Monday 18 June 2018

USA Tour Stage 33: Marysville to Wooster, OH (100 miles)

Click here for route flyby

The cue sheet for today showed that the stage was 97 Miles. Close, temptingly close to a century. Regular readers will know that the Captain doesn’t consider 99.9 miles to be a century – it has to be 100. So it was game on for a few extra miles at the end of the stage to rack up a proper century.

The stage was another full day’s riding in Ohio. As we progress eastwards the countryside is getting more and more lush. Lots of greenery - grass, crops, trees, hedges, woods and forests. Delightful roads meandering through valleys with streams and rivers, some full of fish, gurgling and burbling their way along. Lots of lovely properties too, large and small, mostly set back from the roads and almost invariably well maintained. The homes of proud folk. And lots of architecturally simple, plain white churches. It was totally enjoyable riding, often freewheeling along as I took in everything around me.

I had one unexpected and very pleasant encounter. I had stopped at a bridge to get a picture of the river we had been following for several miles and while looking around a woman, in her ate thirties I guessed slowed and asked me if everything was ok (I was riding solo at the time). So I replied I the affirmative and added that I was just admiring the view. Picking up on my accent she got out of the car, asked if I needed any cold water and came over for a goss  – the usual stuff, where I had come from, where I was going and so forth. As we were chatting there was a cry from the back of her car to which see said “Oh that’s just one of my kids waking up.” Sensing that our conversation was coming to an end I mentioned this blog site to which she produced a pen and paper and got me to write down the URL. So dear lady, if you are reading this then my thanks for both your concern and your interest. One again I am struck by the kindness of strangers.

Today, the character of the route changed towards the back end. A complete transformation from gentle undulations to rollers. And some quite brutal rollers at that. Around about the 70-mile mark we faced a succession of climbs, some touching 12%, which had me changing down on to the granny ring which I haven’t needed to use for some time. With the temperature and humidity rising sharply what had seemed like an easy ride turned into something much more challenging. Now it was almost a case of survival. I could feel the seemingly never ending succession of rollers leaching away the strength from my legs. The downhill sections provided opportunities to recover but never quite enough to before the road turned upwards again.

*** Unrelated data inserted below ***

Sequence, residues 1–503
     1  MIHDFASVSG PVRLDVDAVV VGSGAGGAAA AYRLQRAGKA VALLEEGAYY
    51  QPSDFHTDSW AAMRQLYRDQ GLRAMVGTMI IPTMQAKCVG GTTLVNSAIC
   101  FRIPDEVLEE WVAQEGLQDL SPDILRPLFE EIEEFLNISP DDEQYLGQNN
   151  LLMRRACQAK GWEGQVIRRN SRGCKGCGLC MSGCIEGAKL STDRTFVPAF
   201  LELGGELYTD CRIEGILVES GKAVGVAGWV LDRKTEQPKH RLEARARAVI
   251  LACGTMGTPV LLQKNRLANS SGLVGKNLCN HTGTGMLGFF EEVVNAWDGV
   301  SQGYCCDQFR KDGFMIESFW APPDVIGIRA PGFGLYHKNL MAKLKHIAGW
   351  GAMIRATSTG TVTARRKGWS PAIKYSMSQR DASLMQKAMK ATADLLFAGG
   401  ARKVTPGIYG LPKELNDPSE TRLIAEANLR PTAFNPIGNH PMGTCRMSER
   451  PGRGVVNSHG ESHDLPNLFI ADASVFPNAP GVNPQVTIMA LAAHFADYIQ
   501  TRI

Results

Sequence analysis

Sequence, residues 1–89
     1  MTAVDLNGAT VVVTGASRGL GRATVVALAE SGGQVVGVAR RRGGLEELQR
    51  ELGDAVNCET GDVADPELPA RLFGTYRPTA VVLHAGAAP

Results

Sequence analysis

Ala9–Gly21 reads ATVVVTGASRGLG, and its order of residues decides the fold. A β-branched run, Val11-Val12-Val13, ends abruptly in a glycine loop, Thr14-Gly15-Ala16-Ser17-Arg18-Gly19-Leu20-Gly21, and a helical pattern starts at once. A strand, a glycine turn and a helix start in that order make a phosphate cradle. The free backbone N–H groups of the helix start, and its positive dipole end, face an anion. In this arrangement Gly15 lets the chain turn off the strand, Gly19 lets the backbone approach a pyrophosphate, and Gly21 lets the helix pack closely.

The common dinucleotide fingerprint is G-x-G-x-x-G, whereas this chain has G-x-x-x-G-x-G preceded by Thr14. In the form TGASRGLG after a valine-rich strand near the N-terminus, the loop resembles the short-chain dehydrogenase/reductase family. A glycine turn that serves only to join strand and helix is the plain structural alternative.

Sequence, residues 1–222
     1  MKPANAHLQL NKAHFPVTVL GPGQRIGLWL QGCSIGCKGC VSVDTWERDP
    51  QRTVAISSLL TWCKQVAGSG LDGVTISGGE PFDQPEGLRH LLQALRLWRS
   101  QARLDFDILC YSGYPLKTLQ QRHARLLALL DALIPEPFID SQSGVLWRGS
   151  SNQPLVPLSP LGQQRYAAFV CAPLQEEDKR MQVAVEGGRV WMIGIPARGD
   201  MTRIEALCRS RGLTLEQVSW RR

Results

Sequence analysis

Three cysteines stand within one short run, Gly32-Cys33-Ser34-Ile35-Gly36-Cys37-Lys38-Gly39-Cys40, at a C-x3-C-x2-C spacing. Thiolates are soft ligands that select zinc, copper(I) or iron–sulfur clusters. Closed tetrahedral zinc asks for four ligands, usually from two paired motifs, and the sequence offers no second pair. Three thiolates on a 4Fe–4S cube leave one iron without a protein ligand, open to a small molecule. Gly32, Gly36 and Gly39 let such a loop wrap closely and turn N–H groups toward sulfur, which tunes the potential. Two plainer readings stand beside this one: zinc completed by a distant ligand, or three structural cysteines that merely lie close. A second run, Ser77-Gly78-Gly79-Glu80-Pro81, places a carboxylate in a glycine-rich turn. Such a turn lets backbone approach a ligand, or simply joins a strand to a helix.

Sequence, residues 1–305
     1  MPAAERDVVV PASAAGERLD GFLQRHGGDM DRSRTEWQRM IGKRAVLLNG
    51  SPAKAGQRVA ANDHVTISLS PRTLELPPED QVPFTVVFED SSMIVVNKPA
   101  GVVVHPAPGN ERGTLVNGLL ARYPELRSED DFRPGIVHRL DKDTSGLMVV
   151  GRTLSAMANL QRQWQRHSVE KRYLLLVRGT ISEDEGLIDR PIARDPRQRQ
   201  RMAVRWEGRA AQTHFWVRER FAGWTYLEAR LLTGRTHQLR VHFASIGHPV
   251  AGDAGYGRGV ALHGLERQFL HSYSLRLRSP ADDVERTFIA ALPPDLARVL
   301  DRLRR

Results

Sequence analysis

I did have one moment of light relief as I arrived at the village of Funk. Yes, that’s right, there is actually a village called ‘Funk’. By co-incidence as I taking the requisite photo Mary and Navi in one of the support vehicles pulled up and quick as a flash Navi worked her magic and a burrs then of James Brown emerged from the car’s speakers. Well, I didn’t need a second call.  The Lewis got moving, the torso got shimmying and I gave it my all to the beat. Fortunately this time no photos or videos exist! So will have to take it from me – I was funky in Funk!

The last part of the stage into Wooster was relatively straightforward. I was able to top up my water bottles to ensure I strayed hydrated – the main challenge for the day and Pete and I eased into town via a rather fine bike shop (didn’t buy anything). Then with a couple of circuits if the town to put on the requisite miles for the century we rolled up at our hotel just as the clouds burst – literally. Two centuries in two days! Wonderful.

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